6 Food Trends to Look for in 2019






Everyone loves to predict trends for the new year, including what we’ll be eating in restaurants and buying at grocery stores. But like many fads, just because things become popular doesn’t always mean you should hop on board.

Here, registered dieticians share their thoughts on six food trends for 2019 (as forecasted by the Sterling-Rice Group and New Hope Network).

Whereas children of the ’90s grew up with fat-free everything, today butter, ghee and sustainably sourced palm and coconut oil are viewed more favorably. “Fat equals flavor, and it’s satiating. Plus, there is growing research around fat, and the trends tend to follow the research,” explains Jessie Shafer, RD, content director at New Hope Network. “Now we recognize that not all saturated fats are equal and that different fatty acids have different effects on our health and metabolism.”


Both Shafer and Cynthia Sass, RD, a New York City- and Los Angeles-based performance nutritionist and certified specialist in sports dietetics recommend choosing unsaturated fats such as avocado, olive oil, nuts and nut butters, because studies link these fats to heart protection. Just make sure to keep portion size in mind.

The number of plant-based milks, cheeses, yogurts and meats on the market continues to grow for a few reasons. Some choose these options because of animal welfare, some because of the environment and some for health reasons. “And more than ever we are experiencing really delicious plant-based alternatives that are convincing,” Shafer says.


“I generally love this trend,” says Shafer. “I’m not a fan of highly processed faux meats made from soy, but I’m a huge fan of plant milks, yogurt, cheese and meat alternatives made from pulses, including pea protein, which is not a common allergen,” Sass says. Try a few and see what you like.

We’re not talking about psychotropics, but rather mushrooms used in Chinese medicine such as cordyceps, reishi and lion’s mane. These are now added to other foods, such as granola bars, and used to make coffee and tea. “There is a strong interest in food as medicine, and research shows that mushrooms offer medicinal benefits,” Sass explains. They’re a great source of B vitamins and selenium, an antioxidant that helps boost the immune system.


Before trying it, Sass recommends talking to a qualified health care provider who knows your personal health history and is aware of any potential interactions with other herbs, supplements or medications you may be taking.

We know more today about how important sleep is to overall health. That’s why new beverages made with ingredients such as valerian root, passionflower and melatonin are touted as “an antidote to modern living,” Shafer says. “People are more stressed out and getting less sleep than ever so companies want to capitalize on this.”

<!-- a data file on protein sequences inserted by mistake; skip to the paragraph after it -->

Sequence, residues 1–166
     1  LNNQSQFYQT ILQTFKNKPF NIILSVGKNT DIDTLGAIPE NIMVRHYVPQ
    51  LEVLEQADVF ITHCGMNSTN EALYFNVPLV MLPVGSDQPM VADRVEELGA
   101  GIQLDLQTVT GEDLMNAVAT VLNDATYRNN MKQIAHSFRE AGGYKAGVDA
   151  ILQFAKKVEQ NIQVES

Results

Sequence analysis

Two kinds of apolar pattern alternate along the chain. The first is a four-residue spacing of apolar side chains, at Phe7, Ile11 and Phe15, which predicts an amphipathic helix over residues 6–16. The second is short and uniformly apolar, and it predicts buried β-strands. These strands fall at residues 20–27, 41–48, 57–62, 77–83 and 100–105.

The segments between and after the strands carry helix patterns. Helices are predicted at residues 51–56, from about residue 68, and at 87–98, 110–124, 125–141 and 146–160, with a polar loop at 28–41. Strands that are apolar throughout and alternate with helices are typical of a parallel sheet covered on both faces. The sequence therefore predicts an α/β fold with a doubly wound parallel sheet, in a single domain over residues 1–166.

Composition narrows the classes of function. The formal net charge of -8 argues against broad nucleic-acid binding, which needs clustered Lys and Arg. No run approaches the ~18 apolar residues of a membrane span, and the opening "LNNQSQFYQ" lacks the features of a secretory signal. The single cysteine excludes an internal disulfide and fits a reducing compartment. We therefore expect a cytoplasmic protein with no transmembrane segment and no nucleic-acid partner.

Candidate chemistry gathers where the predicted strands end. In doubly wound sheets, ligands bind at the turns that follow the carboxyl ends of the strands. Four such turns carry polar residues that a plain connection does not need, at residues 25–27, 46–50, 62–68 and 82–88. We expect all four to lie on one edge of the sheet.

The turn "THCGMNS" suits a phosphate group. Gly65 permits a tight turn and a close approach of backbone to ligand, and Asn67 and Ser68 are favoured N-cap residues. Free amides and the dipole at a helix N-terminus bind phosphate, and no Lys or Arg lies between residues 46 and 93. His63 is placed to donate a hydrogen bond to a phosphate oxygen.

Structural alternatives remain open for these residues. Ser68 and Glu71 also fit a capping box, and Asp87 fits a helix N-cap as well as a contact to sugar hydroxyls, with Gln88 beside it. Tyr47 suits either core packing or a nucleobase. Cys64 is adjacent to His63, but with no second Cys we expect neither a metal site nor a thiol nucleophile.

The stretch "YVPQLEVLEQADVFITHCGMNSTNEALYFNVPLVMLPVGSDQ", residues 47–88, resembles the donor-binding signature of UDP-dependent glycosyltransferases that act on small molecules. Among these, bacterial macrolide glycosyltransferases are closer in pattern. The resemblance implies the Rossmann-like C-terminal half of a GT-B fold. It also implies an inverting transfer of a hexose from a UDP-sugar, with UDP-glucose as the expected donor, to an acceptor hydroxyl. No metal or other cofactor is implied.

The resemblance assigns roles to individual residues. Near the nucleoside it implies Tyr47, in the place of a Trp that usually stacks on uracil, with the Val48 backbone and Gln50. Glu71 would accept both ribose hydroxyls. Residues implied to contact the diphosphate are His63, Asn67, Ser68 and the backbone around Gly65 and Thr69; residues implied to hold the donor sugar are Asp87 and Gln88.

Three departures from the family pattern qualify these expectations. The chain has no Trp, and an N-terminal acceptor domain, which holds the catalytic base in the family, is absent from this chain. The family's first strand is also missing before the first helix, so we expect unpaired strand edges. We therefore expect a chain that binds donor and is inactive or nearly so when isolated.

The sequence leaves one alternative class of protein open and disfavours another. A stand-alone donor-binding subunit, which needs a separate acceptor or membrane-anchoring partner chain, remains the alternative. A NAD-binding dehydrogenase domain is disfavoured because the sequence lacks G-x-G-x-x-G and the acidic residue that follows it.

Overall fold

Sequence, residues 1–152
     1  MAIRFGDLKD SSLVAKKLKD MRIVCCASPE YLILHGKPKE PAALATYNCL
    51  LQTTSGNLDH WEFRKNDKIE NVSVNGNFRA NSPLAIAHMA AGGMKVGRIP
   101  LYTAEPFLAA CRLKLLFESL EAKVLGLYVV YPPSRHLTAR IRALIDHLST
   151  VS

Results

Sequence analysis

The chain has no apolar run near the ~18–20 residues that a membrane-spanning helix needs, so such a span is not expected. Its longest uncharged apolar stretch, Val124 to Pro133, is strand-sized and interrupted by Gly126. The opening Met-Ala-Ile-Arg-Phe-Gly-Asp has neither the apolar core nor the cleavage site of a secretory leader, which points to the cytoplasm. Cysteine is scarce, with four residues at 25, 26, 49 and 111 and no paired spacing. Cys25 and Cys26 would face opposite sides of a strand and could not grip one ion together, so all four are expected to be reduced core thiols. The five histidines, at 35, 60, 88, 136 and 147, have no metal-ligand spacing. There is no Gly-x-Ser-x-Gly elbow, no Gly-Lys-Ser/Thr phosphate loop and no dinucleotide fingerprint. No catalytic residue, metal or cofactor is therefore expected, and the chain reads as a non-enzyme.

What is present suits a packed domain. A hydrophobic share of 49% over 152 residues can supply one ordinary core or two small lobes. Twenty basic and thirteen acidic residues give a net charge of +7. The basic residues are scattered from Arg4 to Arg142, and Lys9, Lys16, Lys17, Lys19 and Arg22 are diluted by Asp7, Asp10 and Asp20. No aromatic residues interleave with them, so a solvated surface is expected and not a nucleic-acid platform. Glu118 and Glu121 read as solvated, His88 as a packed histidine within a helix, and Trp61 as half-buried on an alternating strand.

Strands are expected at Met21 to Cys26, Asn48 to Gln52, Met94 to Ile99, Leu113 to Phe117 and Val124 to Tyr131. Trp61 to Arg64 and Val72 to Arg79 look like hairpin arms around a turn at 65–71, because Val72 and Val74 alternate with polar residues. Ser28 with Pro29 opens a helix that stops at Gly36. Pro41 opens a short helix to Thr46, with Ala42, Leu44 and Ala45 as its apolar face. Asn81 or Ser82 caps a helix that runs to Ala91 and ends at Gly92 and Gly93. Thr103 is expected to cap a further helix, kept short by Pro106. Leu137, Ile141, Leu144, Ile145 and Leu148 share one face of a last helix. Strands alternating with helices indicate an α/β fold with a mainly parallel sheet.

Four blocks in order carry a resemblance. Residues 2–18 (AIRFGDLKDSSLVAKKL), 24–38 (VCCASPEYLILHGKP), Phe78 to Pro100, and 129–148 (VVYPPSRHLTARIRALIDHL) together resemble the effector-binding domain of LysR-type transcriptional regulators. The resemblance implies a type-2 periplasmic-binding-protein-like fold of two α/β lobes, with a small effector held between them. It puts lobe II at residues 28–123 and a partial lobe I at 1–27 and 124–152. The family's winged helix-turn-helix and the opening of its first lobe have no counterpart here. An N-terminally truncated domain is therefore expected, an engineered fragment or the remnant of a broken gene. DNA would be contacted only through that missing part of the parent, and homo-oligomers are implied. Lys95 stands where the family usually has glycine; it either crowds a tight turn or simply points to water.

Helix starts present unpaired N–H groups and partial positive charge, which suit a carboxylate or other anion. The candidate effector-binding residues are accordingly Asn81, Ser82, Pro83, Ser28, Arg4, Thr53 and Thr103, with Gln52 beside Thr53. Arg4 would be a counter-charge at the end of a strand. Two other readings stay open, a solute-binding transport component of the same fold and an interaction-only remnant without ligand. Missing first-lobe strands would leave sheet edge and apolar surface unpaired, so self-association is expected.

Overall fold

Before you turn to a drink, look at your other behaviors. Things like exposure to blue light before bed, too much caffeine late in the day, stress and poor nutrition can negatively impact your ability to fall and stay asleep. “These drinks probably won’t hurt you but they won’t be a magic pill either,” says Sass. It’s also a good idea to speak with a doctor or dietitian before trying them.

Nootropics including caffeine, L-theanine, adaptogens and herbs are available in supplements, food and drinks, all promising to provide clarity, enhance memory and improve performance. “Everyone wants that competitive edge and boosting mental performance can improve nearly every area of your life, from work to interpersonal relationships,” Sass says.


There is some compelling research on certain nootropics such as ginkgo biloba, ginseng and the combination of L-theanine and caffeine, Shafer says. “But we need more research because it’s pretty controversial about which of these nutrients pass the blood-brain barrier.” There may also be side effects or interactions of taking nootropics, so talk to a qualified, unbiased health professional, Sass adds.

Collagen — a protein in our skin, bones and muscles — has been popular in beauty products for years. Now you can buy it as fairly tasteless protein powder to add to coffee or smoothies. Some research suggests consuming collagen may improve skin elasticity. “Our body’s natural production of collagen declines with age, and people chase after that forever-young look,” Shafer says.


If you consume foods such as chicken with the bone in, oysters and brightly colored produce such as bell peppers and citrus, you can boost collagen production naturally, Shafer says. But it’s also important to note collagen may not do anything for you; more research is needed. If you do decide to try it, look for high-quality collagen from organic, grass-fed beef or wild fish rather than in powder form.

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